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If the first derivative helps us to know whether the function is in increment or in decrement

The second one helps us to know wether the function is concave upward or downward

So what about the third derviative?! What does it help us to know

To this moment I don't have any guesses

same with the fourth derivative

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marked as duplicate by Michael Hoppe, amd, Gibbs, José Carlos Santos, max_zorn Jul 7 '18 at 0:28

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  • $\begingroup$ in physics, derivative shows how fast a function changes, so you could keep applying this: if a particle's movement is described by $s$, then $s'$ describes the velocity, $s''$ describes acceleration, $s'''$ describes how fast the acceleration changes etc etc. $\endgroup$ – Alvin Lepik Jul 6 '18 at 11:06
  • $\begingroup$ en.wikipedia.org/wiki/Jerk_(physics) $\endgroup$ – Arthur Jul 6 '18 at 11:11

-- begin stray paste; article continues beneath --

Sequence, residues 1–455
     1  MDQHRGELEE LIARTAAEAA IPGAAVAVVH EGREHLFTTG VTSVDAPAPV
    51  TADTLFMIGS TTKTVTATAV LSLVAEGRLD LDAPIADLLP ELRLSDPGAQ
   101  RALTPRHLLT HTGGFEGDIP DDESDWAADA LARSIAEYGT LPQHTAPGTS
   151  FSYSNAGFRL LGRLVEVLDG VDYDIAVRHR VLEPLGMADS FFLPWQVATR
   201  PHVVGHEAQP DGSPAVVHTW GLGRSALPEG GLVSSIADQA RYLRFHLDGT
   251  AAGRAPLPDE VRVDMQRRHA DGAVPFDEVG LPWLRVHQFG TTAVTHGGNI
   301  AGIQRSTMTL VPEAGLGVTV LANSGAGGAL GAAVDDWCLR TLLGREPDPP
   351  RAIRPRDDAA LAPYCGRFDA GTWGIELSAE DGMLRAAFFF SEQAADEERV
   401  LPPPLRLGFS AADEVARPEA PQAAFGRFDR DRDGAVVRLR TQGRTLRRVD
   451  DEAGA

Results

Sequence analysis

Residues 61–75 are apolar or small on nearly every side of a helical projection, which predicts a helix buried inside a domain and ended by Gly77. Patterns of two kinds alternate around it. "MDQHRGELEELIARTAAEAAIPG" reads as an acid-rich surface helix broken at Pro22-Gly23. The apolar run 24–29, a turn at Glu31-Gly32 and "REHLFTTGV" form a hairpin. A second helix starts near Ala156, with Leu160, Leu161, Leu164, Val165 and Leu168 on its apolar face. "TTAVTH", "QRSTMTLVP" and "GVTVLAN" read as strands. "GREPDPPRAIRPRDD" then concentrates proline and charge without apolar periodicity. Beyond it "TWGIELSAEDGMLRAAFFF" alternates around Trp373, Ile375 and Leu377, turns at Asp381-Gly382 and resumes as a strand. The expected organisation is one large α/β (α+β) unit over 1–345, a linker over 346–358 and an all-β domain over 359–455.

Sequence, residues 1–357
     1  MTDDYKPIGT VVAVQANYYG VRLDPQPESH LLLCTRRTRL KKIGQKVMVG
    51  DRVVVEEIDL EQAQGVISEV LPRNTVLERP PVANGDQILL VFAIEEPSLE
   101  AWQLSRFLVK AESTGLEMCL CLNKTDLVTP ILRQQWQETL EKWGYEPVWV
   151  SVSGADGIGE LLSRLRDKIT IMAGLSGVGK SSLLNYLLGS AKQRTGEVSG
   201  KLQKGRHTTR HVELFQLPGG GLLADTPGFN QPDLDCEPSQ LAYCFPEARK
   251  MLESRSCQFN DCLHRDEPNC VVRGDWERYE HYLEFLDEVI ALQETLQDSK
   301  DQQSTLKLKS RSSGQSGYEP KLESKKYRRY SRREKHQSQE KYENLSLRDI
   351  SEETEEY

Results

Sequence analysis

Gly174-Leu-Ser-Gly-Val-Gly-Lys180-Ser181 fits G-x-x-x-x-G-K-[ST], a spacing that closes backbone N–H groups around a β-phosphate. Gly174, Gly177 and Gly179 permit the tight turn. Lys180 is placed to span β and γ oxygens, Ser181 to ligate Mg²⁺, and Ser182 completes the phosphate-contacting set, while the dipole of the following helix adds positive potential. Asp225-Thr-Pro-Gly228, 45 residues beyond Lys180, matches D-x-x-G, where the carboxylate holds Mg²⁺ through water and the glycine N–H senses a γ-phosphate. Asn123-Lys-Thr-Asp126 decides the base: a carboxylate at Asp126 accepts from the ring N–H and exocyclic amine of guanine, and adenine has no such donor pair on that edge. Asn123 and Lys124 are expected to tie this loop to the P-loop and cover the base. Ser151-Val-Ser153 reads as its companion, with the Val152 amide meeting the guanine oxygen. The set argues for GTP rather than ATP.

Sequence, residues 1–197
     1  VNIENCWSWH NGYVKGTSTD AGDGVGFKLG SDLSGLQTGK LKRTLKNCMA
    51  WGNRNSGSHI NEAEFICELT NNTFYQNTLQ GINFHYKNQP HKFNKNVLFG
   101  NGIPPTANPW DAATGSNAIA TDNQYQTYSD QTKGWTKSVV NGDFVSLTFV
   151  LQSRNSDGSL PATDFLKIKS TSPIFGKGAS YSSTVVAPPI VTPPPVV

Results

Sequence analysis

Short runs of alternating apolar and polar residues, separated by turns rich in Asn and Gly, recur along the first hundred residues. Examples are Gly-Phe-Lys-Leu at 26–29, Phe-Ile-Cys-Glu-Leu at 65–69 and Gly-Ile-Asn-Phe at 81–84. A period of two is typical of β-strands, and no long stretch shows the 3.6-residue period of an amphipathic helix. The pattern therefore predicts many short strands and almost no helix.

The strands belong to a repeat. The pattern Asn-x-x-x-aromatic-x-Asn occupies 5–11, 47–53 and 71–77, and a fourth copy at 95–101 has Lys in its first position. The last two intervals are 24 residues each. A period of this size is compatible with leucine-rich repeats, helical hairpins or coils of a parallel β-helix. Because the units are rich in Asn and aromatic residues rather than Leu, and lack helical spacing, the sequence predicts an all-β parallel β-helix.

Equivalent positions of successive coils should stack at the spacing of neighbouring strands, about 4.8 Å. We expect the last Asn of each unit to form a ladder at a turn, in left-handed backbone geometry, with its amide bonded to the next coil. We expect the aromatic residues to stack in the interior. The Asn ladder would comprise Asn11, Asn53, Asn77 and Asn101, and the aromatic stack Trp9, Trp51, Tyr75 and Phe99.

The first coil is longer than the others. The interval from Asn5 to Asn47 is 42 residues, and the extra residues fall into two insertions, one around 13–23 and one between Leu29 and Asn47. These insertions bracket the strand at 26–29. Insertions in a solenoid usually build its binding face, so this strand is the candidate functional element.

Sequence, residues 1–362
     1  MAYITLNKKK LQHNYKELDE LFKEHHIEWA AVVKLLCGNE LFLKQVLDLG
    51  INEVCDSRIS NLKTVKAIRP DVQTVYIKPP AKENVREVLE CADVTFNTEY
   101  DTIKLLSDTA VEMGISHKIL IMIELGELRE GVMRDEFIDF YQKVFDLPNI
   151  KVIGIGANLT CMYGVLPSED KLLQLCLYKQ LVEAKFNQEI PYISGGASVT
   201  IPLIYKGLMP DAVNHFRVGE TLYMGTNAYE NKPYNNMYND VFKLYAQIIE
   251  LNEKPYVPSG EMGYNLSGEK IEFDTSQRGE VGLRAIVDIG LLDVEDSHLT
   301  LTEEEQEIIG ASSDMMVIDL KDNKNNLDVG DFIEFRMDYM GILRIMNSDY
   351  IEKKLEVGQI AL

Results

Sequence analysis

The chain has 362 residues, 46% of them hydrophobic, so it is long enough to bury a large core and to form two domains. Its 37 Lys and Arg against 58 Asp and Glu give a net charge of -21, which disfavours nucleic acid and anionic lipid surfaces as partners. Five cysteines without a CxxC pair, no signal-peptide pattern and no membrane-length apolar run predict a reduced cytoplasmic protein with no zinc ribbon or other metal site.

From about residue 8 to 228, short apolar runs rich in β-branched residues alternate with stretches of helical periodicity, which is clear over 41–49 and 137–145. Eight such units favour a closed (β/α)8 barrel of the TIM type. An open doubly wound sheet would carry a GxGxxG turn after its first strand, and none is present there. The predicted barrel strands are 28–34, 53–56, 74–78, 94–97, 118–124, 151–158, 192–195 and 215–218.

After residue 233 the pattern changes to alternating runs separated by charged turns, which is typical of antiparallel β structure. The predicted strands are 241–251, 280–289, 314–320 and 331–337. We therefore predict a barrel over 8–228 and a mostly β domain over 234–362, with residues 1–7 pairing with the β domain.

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    $\begingroup$ @AlvinLepik According to Wikipedia, 'how fast the acceleration changes' is called Jerk, and the derivative of jerk is Jounce. $\endgroup$ – CiaPan Jul 6 '18 at 11:20
  • $\begingroup$ See math.stackexchange.com/questions/14841/… $\endgroup$ – amd Jul 6 '18 at 17:54
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The first non-zero derivative at a point tells you the approximate behaviour near to it. For example, $x^3$ has a stationary point of inflection at $0$, and near $0$ the second derivative had the same sign as $x$, whence the first derivative is minimal at $x=0$, making this point neither a maximum nor a minimum. By contrast, the least derivative of $x^4$ that doesn't vanish at $x=0$ is the fourth, so the same logic shows the second derivative is non-negative in the neighborhood, the first derivative has the same sign as $x$, and the function is minimised at $x=0$. It is the parity of the number of times we have to differentiate to get a non-zero result that matters, not the number itself.

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